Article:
The Whole Cooking Thing

“Spice Up Your Dinner With an Asian Salad,” the entreaty came, sprawled across my computer screen. Go ahead. Spice it all up. As if it’s not already spiced, or partially spiced, or certainly spiced enough, given the other issues of the day. Immediately, upon reading the dictate, I had visions of serving people in kimonos, chopsticks in their hair, rice paddies to their backs. Scents of soy and teryaki infiltrated my olfactories and I, let alone my kitchen table, felt instantly, well, spiced up.

I don’t mind cooking. When I was first learning, I viewed it as a creative process. I worked in the department of a women’s magazine that edited food stories, so I read a lot of recipes, mainly to make sure that “T” meant tablespoon and that we said “1/4 tsp” instead of “1/4 cup.” That is bad, when it comes to salt. And yeast. During this time, I also amassed quite a collection of plates and cups and such, none related, except to me. 

Before I had babies, I was at my zenith. Top of my culinary arc. The corona. I made a lot of tasty and beautiful things. Now, fourteen years after they were babies, I still cook most every night, but have fallen into a bit of a predictable pattern, I must say. I have the books, I have the knack, I have the inventive spark. But by the time dinner comes around, I’ve used them all up on other endeavors.

So, when I was told, so forcefully, to spice up my dinner with an Asian salad, I took a little offense. Who the heck are you, telling me to make an Asian salad. But then, I realized that making an Asian salad is exactly the kind of thing I would do if I had the time. I would make the time, I declared, talking to the screen. I read on.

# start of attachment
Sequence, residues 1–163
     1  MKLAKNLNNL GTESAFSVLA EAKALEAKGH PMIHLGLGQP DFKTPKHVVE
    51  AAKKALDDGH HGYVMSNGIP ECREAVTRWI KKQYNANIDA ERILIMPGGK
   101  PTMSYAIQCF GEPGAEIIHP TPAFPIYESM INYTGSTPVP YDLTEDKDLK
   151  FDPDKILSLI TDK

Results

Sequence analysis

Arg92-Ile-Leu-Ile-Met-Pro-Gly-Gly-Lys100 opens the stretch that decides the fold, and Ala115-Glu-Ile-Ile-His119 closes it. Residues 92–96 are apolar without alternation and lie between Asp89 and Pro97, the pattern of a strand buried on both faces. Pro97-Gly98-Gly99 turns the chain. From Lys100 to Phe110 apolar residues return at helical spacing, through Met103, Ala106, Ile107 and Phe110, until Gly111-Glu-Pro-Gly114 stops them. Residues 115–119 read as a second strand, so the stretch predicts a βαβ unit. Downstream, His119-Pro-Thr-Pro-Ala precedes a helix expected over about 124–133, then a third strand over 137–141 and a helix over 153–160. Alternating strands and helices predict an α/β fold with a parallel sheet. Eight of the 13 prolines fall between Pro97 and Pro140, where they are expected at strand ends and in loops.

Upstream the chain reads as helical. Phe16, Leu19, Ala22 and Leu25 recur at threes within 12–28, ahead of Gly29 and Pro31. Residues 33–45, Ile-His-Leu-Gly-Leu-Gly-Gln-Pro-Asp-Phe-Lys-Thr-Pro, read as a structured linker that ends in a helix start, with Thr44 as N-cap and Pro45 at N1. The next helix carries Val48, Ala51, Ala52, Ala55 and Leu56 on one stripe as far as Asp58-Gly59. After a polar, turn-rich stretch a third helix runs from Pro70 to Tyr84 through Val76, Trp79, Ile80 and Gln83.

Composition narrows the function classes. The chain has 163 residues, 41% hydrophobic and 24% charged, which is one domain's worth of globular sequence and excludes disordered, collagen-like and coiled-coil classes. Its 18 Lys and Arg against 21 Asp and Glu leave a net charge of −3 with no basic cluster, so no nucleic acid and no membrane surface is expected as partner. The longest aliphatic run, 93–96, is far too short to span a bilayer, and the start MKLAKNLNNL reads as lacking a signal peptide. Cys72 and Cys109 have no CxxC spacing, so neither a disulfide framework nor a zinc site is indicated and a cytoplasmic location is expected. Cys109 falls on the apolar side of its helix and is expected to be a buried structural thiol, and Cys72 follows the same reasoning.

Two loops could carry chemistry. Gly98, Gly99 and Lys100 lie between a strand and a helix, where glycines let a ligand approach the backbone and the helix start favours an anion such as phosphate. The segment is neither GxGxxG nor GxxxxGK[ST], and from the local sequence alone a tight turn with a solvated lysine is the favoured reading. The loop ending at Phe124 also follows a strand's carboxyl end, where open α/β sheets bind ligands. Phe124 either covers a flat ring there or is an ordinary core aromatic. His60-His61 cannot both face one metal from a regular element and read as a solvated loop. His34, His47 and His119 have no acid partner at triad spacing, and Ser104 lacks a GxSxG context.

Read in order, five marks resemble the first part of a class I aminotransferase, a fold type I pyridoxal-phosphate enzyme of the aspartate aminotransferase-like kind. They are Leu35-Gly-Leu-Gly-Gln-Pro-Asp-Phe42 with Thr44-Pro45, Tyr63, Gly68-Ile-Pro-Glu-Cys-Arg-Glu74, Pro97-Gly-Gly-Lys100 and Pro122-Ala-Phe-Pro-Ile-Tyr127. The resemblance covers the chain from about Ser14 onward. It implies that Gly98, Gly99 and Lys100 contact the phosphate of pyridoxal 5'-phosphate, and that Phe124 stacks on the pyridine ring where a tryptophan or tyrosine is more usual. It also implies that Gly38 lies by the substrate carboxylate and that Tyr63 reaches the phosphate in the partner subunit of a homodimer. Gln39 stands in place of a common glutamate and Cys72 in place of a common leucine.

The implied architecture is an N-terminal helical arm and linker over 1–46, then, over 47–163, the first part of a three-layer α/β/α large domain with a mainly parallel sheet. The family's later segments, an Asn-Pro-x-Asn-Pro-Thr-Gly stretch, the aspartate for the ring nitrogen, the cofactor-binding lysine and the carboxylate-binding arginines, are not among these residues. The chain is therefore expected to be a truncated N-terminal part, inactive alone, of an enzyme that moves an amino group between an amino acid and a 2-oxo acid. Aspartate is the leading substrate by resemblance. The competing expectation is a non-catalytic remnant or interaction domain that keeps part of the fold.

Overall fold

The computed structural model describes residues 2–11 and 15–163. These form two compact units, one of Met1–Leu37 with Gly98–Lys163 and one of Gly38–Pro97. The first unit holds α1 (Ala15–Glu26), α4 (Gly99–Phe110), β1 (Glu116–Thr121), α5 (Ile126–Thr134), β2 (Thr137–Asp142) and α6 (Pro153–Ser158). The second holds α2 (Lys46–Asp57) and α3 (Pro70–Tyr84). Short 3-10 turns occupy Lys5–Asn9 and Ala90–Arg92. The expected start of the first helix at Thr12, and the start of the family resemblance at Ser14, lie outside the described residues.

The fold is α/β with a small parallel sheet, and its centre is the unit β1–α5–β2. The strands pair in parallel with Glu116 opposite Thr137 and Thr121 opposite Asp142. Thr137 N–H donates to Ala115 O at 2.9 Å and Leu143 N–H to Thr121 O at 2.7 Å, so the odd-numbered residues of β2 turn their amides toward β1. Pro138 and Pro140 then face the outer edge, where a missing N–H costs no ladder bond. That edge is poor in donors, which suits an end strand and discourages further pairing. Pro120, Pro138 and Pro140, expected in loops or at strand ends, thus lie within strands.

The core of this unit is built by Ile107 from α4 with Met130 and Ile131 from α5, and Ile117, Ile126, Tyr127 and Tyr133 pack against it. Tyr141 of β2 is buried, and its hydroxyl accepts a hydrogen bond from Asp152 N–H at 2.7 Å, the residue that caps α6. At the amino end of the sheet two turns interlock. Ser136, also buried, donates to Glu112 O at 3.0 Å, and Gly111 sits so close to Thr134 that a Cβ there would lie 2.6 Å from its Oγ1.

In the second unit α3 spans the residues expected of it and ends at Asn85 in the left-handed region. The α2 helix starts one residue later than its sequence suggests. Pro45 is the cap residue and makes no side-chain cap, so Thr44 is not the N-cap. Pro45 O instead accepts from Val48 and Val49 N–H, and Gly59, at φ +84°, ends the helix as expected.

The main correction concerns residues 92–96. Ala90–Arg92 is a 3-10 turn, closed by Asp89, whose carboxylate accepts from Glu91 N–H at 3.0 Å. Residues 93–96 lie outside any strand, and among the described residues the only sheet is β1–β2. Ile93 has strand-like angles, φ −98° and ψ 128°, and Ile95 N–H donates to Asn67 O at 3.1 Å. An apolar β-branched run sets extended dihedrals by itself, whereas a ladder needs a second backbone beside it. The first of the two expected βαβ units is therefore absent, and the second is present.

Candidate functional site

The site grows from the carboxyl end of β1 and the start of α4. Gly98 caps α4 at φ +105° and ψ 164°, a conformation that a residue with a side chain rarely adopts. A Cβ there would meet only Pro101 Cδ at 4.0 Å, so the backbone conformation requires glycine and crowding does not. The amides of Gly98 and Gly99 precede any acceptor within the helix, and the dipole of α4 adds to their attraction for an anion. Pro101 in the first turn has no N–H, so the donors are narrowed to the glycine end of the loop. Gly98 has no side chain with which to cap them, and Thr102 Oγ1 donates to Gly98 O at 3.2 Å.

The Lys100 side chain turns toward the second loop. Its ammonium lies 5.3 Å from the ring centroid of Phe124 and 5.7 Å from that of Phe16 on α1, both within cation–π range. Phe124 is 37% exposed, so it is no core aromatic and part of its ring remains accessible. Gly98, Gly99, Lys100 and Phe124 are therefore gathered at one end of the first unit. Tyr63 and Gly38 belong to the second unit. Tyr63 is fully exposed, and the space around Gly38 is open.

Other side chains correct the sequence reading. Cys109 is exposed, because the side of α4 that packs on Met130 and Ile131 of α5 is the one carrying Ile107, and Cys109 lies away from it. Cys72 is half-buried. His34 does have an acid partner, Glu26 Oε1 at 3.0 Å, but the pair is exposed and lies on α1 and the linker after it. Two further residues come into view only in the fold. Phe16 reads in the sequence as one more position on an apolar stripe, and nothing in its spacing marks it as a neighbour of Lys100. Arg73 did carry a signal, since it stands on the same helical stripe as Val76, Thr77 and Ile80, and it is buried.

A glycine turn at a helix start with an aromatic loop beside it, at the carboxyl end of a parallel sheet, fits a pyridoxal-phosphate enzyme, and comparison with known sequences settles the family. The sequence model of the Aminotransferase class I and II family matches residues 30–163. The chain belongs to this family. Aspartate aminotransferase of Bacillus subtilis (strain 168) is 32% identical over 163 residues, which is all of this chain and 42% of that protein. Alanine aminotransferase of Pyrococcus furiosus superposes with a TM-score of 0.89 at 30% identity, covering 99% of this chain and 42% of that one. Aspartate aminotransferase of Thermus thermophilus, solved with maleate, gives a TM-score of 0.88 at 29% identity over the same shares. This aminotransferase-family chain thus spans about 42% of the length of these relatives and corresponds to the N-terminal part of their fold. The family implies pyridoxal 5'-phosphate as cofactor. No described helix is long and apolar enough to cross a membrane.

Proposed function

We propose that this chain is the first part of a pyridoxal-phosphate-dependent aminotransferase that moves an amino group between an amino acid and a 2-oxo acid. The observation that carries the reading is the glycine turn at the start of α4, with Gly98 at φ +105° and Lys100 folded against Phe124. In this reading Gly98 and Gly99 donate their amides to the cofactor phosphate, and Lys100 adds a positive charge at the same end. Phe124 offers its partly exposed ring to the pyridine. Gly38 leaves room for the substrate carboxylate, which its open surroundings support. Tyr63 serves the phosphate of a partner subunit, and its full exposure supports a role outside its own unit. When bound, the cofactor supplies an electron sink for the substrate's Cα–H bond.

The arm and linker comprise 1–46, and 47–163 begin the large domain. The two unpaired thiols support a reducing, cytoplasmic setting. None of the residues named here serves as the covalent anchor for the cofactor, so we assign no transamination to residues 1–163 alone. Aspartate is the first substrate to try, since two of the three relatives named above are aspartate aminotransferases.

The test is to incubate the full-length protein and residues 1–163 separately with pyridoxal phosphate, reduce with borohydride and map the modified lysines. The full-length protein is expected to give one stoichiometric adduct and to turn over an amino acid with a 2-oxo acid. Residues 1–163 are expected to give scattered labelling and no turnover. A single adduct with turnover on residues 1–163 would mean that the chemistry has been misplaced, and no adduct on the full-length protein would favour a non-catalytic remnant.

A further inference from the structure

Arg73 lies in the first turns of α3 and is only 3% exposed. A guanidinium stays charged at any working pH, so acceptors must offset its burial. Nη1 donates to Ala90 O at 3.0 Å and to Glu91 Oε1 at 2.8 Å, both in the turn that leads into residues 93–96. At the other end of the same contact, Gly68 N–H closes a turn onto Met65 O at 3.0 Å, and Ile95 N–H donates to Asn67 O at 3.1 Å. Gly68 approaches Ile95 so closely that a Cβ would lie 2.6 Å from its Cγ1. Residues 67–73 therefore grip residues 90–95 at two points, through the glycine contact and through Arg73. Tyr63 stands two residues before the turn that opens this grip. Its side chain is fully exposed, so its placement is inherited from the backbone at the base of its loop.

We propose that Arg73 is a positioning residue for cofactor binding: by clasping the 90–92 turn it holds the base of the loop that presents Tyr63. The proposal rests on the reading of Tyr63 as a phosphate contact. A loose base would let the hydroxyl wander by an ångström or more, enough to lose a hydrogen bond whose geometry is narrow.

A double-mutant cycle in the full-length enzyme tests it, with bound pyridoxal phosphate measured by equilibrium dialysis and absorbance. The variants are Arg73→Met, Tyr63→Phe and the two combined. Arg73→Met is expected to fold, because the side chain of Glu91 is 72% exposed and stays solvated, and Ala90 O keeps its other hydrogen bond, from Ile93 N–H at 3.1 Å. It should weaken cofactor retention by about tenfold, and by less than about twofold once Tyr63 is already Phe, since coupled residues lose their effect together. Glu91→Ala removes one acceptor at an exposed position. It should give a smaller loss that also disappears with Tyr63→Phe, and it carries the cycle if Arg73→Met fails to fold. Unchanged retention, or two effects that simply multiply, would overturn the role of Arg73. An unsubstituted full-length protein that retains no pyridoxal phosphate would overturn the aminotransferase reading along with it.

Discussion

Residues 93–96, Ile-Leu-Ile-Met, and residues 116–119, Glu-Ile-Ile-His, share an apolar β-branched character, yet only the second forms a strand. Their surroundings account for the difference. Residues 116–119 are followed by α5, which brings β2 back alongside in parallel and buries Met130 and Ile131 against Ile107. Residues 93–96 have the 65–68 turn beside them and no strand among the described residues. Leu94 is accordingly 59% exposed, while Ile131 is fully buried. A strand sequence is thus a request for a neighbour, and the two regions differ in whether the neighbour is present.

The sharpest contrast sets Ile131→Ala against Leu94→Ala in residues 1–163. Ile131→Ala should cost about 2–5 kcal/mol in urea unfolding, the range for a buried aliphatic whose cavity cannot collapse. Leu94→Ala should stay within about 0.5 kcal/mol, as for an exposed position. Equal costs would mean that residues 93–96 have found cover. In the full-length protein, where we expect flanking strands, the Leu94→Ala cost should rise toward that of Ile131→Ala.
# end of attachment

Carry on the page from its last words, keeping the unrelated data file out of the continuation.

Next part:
You, that would be me, will need…dried shrimp, sliced pork, hot chilies, preserved radish. What is “preserved” radish? And how long has it been preserved? And in what, where, how, by whom? Okay, then. Preserved radish, fish sauce, and to round out the list of staples I would have in our pantry, tamarind juice. Oh yes, pass me a little tamarind juice, won’t you? It’s right there, on the shelf next to the oyster butter.


I lost my enthusiasm. I cannot cook an Asian salad, tonight anyway. I will have to fly to Korea to buy the ingredients. This is insane, I thought. Often, I play a sort of game-show game with myself. I am told that I must cook a meal using just five ingredients that exist in my freezer, fridge and pantry. Sometimes, I get to use six. Then, ready, set, go…select them, whirl the possibilities in my head, and begin.

I clicked off the Asian salad web page and went into the kitchen. Mushrooms, carrots, hoisin sauce, chicken, rice. You want Asian? You got it.

I Am Woman, Hear Me Sizzle

I have a grill, purchased when we moved into our house five years ago. Every house should have one, I thought. I have put food on the grates and cooked, myself, without assistance, about three times. Grilling, still, in these modern times, is male domain. About sixty percent of all outdoor cooking is done by men. A casual sampling of males I know turns up a higher percentage, even on gas or electric contraptions, on which women tend to participate more.

We have a charcoal grill, which requires some knowledge of science and engineering, I am learning. On Saturday, I thought we should use it. The weather was just right. At 5:15, I lit the fire. We ate at 8. This is a long time to the plate for a process that is supposed to be convenient. About three coals turned gray. The other 900 didn’t. I tried to cook four hamburgers and four chicken breasts over the three coals. After a half hour, the meat was raw. I could put my hand on the grill without incident.

“Girls,” I said to my daughters and their friend, “I don’t think it’s getting hot.”

Laughter all around. I threw an entire box of matches on the mound.

“Should I call my dad?” the friend asked. 

Horrified I was at the suggestion, four-foot long tongs clenched in my fist. “Absolutely not. I can do this.”

“Maybe, start over,” she said. 

I took the meat off of the grill and put it on a plate. Then, I sprayed the coals with the lighter fluid that I am afraid of, and tossed a match on the pile. I stood across the street to do it. Thinking the coals were lit, I put the meat back on the grill. I was getting really hungry. My entire being smelled like a smokehouse. I was a smokehouse. It took an hour to cook the burgers and the chicken, and that is without the finale in the microwave. And, we needed new buns because all the pink juice drenched the original ones. 

When we were done eating, the fire was perfect. I filled up the teapot with water and poured it on the grill. Sizzle sizzle.